The Interrogative Mood: A Novel?, by Padgett Powell, Profile RRP£9.99, 164 pages
Written entirely in questions, Padgett Powell’s extraordinary book somehow manages to overcome a potentially gimmicky premise.
The questioner’s obsessive interrogation of the reader superficially resembles one of those long lists beloved by psychological or consumer profilers, with enquiries ranging from the banal (“When did you last have a piece of Melba toast?”) to the profound (“Will you be saddened that your life has been minor if, in fact, it has been minor?”). In that tension between high and low, the book finds its voice, one that speaks of the contradictory nature of human desires. (“Have you ever been not disappointed by a banana split?”)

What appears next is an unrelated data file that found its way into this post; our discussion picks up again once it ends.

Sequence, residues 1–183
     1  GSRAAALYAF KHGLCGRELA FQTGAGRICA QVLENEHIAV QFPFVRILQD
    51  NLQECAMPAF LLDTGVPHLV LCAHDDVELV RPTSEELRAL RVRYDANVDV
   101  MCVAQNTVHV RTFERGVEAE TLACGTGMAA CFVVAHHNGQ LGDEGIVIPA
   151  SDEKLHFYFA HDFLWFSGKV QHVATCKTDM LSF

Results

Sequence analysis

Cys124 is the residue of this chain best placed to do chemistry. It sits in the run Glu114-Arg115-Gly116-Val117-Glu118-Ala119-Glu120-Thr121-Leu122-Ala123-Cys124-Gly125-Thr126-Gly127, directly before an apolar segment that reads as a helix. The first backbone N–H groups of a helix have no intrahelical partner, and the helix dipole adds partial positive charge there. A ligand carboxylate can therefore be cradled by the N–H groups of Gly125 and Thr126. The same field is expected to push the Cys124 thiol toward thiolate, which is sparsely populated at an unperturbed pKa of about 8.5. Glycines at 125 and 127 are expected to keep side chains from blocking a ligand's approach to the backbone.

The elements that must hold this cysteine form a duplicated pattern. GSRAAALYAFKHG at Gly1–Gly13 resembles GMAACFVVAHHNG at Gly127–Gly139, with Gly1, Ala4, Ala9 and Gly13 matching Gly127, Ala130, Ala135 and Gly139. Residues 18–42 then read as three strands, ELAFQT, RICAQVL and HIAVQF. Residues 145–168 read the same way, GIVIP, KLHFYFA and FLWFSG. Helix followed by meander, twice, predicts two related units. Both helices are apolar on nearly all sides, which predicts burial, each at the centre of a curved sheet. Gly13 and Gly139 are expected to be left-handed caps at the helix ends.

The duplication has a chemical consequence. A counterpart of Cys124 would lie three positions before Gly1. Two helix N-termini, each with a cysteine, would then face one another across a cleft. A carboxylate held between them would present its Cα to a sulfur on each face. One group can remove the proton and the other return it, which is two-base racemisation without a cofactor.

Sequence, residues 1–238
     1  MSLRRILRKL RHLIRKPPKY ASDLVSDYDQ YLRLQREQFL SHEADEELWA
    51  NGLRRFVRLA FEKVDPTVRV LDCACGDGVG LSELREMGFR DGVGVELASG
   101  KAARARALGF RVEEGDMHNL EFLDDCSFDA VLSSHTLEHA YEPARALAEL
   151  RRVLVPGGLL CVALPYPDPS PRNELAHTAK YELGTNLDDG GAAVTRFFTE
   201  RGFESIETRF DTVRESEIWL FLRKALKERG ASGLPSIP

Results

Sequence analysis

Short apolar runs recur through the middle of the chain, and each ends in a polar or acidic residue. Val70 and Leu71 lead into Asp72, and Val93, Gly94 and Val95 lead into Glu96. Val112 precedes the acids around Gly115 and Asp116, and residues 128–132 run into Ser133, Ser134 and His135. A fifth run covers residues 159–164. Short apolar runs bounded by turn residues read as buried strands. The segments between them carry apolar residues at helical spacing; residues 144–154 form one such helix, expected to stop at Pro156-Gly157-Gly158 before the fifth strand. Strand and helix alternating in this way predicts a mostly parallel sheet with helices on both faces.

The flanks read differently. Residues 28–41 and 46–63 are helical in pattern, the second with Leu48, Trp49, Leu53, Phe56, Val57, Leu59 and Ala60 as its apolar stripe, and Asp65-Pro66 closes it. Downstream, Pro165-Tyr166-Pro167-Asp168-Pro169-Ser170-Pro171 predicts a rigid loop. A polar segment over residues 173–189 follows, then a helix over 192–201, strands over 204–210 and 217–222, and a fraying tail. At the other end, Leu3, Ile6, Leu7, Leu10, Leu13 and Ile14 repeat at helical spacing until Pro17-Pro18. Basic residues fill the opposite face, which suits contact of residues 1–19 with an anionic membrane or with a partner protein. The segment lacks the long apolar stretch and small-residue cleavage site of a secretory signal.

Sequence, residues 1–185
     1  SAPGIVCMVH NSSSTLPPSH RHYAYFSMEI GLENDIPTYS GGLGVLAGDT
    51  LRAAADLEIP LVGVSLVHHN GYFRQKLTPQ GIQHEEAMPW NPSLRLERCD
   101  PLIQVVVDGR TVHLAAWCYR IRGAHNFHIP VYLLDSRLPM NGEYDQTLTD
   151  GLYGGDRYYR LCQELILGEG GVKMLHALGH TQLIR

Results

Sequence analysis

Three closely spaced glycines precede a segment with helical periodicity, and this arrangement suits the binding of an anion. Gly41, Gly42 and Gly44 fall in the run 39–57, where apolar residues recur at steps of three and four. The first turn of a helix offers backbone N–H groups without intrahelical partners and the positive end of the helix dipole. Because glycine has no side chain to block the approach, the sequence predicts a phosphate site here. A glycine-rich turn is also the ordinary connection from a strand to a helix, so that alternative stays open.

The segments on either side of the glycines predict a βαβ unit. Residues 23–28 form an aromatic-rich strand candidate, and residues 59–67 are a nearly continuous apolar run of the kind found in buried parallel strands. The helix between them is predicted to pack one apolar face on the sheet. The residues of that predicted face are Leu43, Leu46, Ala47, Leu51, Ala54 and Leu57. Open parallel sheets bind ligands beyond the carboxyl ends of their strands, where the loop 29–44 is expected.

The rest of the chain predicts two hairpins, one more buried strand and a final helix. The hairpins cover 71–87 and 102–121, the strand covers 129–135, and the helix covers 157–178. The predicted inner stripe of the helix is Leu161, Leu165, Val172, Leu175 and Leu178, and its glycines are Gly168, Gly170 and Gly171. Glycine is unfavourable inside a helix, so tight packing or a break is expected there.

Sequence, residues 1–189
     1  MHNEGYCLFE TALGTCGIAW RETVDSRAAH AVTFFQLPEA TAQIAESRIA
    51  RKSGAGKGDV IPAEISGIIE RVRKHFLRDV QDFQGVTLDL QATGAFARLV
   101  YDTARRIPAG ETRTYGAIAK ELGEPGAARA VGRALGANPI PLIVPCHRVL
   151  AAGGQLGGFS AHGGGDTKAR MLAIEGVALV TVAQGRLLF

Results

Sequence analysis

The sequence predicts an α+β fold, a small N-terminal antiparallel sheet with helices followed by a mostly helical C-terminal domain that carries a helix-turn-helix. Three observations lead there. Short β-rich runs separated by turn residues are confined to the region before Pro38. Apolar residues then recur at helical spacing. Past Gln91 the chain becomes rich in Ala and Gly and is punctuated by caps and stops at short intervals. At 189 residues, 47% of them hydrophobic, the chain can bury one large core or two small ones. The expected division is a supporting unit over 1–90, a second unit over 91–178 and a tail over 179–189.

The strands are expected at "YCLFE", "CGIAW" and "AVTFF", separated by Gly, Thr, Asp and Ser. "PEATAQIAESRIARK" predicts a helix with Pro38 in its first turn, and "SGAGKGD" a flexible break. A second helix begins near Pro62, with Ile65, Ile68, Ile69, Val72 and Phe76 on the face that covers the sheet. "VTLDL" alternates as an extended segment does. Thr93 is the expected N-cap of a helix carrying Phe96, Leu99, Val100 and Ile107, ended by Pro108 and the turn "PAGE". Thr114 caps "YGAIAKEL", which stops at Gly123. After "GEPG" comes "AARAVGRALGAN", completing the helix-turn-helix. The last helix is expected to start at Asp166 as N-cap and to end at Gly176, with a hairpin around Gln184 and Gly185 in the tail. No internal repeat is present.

But, if The Interrogative Mood is about not being able to see the wood for the trees, it’s also a celebration of the human need to understand, which makes it life-affirming. Fresh and funny, it reminded me of the work of that other playful monologuist and miniaturist, Nicholson Baker.